John Fullbright Songs

John Fullbright Songs
8
At just 26 years old, John Fullbright already has the weary, well-travelled voice of a man twice his age. An Americana wunderkind, Fullbright's 2012 debut studio record was album of the year for many fans of roots music. That little Kickstarter-funded album by an unknown kid on a homespun Oklahoma label even, astoundingly, earned him a Grammy nomination alongside the likes of Mumford and Sons and Bonnie Raitt. It was a hell of a story, and it had many of us wondering what he'd do with the sophomore record now that all eyes were on him. Would he go big, hire a superstar producer, get himself a horn section and a choir? Most people would. But, it turns out, not John Fullbright.

From its flat, matter-of-fact title and its bleakly black and white cover photo, through its 12 sparsely produced numbers, Songs shies away from the spotlight, dispenses with pretence. Though surely Fullbright was offered any number of record deals after the extraordinary success of his debut, Songs is still on teeny Blue Dirt Records, not Universal (or even Bloodshot!). "All it takes is getting used to getting lost", he sings on "When You're Here" (an album standout that recalls early 70s Elton John), and you get the sense that Fullbright has taken this as a sort of mantra as he slipped down the rabbit hole of overnight success. The whole record is, in some way, a meditation on this problem, on getting used to instability and confusion. Consider the terrific song "Happy," a straight up defense of good feelings, sung by a guy whose voice conveys great depths of melancholy. Even his whistling over the instrumental section is as sad and lonesome as a train in the distance.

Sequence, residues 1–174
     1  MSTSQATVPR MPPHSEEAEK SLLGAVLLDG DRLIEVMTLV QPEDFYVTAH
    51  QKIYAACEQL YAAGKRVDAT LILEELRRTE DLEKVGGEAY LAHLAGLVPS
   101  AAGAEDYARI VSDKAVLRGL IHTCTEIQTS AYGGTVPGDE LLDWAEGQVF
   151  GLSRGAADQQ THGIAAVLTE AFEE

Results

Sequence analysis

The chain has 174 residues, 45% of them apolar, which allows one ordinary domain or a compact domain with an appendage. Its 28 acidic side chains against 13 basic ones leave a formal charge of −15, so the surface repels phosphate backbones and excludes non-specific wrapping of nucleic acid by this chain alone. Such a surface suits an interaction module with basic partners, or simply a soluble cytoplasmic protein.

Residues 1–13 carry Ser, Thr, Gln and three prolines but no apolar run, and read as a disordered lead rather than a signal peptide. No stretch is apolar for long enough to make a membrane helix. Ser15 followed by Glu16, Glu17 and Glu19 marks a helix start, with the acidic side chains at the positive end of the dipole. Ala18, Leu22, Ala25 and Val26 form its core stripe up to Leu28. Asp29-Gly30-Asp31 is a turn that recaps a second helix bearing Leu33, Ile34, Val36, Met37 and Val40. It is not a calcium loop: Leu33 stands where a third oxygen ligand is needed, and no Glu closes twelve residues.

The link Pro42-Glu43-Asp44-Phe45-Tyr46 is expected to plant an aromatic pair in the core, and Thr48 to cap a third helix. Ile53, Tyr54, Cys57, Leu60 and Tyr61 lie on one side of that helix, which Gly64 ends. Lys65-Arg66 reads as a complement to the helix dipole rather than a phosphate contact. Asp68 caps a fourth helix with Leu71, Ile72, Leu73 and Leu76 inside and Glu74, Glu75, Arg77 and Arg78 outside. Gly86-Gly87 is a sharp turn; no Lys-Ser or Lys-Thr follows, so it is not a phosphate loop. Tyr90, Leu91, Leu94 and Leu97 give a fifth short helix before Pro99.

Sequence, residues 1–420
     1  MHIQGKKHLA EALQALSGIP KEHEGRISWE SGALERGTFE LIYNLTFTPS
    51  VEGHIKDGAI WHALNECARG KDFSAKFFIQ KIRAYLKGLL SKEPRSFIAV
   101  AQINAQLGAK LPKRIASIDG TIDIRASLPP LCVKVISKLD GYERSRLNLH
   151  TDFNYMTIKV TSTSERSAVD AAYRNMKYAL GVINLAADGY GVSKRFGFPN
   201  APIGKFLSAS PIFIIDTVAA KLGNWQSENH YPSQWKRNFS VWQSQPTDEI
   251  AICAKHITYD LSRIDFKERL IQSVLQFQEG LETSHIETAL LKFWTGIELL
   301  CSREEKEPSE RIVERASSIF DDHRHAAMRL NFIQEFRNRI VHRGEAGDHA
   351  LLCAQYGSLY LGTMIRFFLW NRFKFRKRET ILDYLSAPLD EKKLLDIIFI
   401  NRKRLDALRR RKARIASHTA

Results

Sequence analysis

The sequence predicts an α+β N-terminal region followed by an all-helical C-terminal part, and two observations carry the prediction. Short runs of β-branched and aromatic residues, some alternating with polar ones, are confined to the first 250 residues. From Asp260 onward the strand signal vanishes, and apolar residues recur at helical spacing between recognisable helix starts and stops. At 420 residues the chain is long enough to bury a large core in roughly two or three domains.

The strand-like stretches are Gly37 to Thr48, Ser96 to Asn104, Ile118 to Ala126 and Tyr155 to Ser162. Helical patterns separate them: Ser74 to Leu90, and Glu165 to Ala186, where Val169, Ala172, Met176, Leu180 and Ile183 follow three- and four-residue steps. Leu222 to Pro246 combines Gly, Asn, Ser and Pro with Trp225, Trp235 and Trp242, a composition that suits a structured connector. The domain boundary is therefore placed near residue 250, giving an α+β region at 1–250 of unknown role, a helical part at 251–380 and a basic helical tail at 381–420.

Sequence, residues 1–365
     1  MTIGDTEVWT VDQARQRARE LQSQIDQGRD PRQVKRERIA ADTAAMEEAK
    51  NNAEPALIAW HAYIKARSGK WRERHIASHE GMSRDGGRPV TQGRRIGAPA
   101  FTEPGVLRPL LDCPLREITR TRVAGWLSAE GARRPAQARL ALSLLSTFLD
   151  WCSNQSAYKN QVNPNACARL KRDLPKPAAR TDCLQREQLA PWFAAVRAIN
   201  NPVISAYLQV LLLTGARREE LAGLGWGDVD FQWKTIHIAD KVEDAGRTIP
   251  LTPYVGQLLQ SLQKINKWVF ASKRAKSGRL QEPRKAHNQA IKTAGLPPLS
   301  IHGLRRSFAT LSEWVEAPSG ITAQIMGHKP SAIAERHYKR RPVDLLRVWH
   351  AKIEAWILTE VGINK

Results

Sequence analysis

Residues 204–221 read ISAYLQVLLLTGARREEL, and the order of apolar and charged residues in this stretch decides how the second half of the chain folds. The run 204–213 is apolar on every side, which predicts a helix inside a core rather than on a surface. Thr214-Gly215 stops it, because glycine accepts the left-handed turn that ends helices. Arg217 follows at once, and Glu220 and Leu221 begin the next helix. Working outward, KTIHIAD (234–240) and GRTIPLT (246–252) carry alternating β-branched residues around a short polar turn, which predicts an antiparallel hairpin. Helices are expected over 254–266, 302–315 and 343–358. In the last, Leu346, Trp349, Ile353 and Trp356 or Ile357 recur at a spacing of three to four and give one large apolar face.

For the most part, the songs on this record are excellent and the spare, intimate performances are magnetic. "Truth be told, the odds are stacked against us," Fullbright sings on "The One That Lives Too Far," a stunner of a sing-a-long ballad, and the best song on the album; "truth be told, they often always are." Maybe so, but this guy makes his own luck. (Blue Dirt Records)